Book Review: The Age of Em: Work, Love, and Life when Robots Rule the Earth by Robin Hanson


The Age of Em: Work, Love, and Life when Robots Rule the Earth by Robin Hanson – Available Here

You want to know how to get me to hate you? Tell me about how shitty science fiction is at predicting the future and then smugly espousing just how much more right you are than anyone else. At that point, I don’t care if you are right, you’re still an asshole who wants to burn the rest of the world to the ground so you can build a lean-to and declare that you own the tallest building in the world. To say the future is knowable and then go on to argue the stories that engage with it as a sub-par medium for exploring it is asinine.

To quote Chinese Science Fiction writer Xia Jia who in turn borrowed the words of Gilles Deleuze, Science Fiction “is a literature always in the state of becoming, a literature that is born on the frontier—the frontier between the known and unknown, magic and science, dream and reality, self and other, present and future.” These stories Hanson seems so keen on throwing under the bus are the future, they are the stories, the ideas that leverage the minds of generations to create. To dismiss that is to forget or legitimately not know what it is to be human. We are not creatures of some divine logic or coherent want, and despite the myriad of strange and questionable assumptions in this book is among the most damning.

Hanson can try and legitimize this book as better, more thought out, but his knowing is no better than yours, it is only different. His wielding of the past to inform the future (a necessity that he overtly separates from the future) is grossly limited and never gets past the western front. His passion isn’t the tech available today or in the future, it is in the incorporeal fetish of an emulated human mind. There is a decent science fiction book in here, but it is not a science future. It fiats uniformity until it doesn’t, skips some rather glaring faults in the entire notion of even getting an emulated person into existence (E.g. wouldn’t it just be easier to strip emulated minds of any emotional core and wield them as bleeding edge processing units, and if we didn’t bother to do that who would fight for them (or listen) to demands for them to be marked as human? Kinda seems like it would just allow a new kind of slavery).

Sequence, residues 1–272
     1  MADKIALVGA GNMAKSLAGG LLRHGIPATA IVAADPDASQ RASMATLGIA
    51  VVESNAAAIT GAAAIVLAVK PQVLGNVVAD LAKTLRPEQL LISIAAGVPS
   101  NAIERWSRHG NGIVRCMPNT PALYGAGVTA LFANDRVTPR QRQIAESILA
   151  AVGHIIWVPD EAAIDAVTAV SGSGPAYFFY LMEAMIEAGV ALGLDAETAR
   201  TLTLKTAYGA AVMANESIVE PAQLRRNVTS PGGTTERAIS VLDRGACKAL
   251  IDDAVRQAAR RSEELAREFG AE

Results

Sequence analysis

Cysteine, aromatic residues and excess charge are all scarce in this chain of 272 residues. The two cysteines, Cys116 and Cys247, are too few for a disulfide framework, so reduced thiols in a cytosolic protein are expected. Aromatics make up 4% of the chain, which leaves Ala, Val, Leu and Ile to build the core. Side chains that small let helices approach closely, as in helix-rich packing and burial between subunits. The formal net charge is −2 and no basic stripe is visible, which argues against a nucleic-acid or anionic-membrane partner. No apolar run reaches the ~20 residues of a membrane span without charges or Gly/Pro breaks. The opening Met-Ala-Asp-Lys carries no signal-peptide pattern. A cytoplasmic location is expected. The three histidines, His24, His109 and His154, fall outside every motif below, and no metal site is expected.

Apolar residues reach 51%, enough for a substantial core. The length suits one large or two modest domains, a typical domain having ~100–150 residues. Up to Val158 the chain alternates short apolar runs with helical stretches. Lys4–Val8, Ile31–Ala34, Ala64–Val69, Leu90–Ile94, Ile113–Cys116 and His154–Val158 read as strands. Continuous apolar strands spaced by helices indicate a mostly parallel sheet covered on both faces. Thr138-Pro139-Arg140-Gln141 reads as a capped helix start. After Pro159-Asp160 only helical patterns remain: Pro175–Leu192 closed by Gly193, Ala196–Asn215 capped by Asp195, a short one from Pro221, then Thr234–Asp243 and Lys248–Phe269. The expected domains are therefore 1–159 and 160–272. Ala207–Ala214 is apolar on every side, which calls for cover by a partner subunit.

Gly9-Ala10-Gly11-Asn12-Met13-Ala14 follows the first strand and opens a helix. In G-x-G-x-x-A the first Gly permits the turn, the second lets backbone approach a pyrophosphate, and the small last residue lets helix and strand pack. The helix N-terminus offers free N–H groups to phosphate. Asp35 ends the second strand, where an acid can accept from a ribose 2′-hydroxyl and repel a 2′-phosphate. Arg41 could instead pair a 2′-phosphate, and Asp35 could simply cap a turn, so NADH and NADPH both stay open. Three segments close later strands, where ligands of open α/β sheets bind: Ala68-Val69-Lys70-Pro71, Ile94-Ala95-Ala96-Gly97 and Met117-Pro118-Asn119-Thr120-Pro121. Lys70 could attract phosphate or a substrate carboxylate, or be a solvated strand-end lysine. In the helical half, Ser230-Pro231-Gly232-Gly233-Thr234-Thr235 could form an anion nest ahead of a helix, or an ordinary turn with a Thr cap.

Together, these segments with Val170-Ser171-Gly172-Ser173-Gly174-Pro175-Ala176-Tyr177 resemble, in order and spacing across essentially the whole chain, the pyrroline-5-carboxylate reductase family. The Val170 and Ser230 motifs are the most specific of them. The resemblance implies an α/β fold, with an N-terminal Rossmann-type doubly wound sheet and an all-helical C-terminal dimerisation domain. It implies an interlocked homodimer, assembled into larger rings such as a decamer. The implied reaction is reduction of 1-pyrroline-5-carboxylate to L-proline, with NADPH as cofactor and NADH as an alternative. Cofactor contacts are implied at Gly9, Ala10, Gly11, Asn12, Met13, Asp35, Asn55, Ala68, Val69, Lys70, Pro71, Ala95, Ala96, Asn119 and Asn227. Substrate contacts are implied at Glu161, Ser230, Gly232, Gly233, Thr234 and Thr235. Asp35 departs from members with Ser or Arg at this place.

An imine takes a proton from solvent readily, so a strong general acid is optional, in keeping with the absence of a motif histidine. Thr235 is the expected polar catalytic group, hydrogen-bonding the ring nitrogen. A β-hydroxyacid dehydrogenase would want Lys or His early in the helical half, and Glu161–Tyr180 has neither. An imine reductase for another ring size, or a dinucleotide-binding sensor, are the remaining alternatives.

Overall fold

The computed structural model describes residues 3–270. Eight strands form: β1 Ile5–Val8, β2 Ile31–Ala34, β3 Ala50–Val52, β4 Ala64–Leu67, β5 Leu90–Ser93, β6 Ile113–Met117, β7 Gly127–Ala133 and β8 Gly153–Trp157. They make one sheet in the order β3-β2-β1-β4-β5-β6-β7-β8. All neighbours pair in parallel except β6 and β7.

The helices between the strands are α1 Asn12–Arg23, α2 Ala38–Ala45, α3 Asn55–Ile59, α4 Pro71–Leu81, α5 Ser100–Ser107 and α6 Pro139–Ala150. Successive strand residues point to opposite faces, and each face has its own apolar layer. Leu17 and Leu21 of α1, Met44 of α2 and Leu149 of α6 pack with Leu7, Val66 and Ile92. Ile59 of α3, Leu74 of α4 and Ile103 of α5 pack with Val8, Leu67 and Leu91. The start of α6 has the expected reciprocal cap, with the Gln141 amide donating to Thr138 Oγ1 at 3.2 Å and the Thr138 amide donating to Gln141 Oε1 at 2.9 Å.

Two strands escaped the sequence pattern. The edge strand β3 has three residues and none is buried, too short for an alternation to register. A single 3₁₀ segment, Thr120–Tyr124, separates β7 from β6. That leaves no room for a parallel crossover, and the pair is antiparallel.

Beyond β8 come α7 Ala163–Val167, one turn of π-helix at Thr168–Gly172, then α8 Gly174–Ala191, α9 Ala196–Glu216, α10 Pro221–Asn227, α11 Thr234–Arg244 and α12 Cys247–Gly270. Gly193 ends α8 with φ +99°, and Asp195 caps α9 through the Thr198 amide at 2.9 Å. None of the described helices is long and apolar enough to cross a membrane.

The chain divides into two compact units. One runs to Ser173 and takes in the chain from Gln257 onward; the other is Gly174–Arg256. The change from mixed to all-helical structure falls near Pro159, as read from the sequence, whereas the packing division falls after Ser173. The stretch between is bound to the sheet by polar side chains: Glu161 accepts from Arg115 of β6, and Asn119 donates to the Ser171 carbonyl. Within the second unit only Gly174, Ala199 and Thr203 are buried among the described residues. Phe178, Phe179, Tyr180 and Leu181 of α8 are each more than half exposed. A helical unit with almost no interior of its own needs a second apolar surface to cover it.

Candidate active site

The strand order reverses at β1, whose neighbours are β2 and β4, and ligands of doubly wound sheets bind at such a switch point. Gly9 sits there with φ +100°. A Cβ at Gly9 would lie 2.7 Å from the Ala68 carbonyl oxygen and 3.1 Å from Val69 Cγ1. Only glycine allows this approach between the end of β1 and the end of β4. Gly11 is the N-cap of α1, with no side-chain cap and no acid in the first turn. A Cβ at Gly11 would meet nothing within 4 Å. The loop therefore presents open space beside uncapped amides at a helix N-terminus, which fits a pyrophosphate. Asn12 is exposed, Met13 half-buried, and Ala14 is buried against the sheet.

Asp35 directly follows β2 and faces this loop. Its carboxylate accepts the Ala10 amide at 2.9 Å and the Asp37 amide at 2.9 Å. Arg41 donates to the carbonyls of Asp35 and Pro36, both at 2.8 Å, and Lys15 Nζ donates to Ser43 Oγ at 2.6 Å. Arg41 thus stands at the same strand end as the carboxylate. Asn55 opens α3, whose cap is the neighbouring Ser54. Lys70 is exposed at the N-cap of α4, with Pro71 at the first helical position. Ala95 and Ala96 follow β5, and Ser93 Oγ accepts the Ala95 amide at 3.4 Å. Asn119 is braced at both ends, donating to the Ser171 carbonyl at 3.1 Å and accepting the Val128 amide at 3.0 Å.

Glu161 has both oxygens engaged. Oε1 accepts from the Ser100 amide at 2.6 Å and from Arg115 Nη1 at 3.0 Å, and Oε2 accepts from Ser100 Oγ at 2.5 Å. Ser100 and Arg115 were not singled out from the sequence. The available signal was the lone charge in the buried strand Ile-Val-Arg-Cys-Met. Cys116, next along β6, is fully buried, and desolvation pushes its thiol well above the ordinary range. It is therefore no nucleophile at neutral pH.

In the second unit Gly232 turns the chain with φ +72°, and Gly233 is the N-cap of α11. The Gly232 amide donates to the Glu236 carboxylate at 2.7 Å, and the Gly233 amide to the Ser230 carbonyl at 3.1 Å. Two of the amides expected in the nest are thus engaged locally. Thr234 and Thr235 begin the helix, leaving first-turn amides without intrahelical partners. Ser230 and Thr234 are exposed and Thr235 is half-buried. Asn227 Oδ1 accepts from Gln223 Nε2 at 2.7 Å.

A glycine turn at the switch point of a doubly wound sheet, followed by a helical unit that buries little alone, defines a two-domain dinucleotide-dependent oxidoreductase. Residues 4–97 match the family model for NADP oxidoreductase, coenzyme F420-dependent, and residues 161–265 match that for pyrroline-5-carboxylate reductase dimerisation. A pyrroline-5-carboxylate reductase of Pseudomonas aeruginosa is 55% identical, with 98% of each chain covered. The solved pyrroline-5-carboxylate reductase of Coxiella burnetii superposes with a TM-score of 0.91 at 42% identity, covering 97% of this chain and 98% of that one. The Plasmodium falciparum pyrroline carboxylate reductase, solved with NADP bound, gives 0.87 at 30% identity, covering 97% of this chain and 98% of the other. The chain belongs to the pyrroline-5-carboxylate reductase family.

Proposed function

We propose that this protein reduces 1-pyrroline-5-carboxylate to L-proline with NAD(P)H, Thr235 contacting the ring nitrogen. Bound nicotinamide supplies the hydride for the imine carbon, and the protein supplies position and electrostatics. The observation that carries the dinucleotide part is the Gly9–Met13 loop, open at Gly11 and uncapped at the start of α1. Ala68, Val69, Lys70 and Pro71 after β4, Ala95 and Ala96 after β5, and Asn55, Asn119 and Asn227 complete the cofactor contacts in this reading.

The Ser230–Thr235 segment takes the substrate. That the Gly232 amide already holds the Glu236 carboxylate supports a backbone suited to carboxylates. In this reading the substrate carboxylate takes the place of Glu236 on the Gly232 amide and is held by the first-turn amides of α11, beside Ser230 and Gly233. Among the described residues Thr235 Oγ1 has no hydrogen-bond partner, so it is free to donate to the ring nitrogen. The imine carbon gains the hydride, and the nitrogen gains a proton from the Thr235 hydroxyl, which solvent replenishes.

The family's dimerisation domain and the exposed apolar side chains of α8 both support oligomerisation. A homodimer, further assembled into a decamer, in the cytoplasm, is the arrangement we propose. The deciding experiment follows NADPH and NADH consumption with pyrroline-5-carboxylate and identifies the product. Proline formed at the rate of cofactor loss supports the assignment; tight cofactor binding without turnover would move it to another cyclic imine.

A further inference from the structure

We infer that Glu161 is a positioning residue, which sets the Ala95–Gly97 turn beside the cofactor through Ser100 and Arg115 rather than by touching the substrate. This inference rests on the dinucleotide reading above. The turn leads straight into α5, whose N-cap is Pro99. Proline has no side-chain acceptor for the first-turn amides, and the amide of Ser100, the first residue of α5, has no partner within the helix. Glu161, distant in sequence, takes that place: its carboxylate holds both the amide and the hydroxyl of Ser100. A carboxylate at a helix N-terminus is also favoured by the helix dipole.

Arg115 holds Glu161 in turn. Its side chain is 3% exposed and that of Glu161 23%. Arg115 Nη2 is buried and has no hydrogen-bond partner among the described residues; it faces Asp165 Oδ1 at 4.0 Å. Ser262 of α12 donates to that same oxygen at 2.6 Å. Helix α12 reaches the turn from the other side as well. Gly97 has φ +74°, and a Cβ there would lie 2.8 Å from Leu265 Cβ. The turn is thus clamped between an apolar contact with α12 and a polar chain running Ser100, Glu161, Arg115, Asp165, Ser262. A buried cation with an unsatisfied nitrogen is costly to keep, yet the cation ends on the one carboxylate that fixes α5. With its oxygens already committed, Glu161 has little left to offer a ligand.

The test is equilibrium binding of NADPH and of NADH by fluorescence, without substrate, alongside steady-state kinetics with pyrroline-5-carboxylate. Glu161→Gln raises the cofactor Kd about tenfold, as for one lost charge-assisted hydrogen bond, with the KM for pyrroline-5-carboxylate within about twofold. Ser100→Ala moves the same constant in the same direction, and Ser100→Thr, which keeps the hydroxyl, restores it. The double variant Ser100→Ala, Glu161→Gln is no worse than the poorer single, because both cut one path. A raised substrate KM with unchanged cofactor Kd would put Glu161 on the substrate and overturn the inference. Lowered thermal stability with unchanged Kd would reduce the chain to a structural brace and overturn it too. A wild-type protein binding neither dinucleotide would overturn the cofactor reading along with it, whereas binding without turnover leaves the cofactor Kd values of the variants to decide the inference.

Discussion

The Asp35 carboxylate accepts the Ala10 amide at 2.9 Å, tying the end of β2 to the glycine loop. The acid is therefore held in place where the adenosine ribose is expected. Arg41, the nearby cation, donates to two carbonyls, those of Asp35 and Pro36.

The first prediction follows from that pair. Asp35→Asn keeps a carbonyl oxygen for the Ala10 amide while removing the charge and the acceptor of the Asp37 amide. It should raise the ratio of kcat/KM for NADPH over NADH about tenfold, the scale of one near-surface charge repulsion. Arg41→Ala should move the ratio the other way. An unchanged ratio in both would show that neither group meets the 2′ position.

At one point, after literally separating himself from all pasts (fiction and non), that he is not an iconoclast. All I can say is: I read his biography on his website and he can fuck right off with all of that. It directly states that he takes the piss out of those who hold a political ideology. His very existence seems pegged to give him the leeway to criticize while being able to say, “I’m not saying I’m right,” while secretly mumbling, “You’re just wrong”.

This is a book whose very existence seems to be an act of ego. It is there so that if, for some god forsaken reason he proves correct, he can point to his plasticy paper volume and say, “Ah-ha!”  Either that or it’s a book designed and written by a man who wanted to write a novel, realized he couldn’t and with the grace of an Adderall-soaked gibbon forged the closest thing he could come to it.

About Tietsu

Someday the words that fill my brain will fill cheap paperback books. Until then, I will collect them here.
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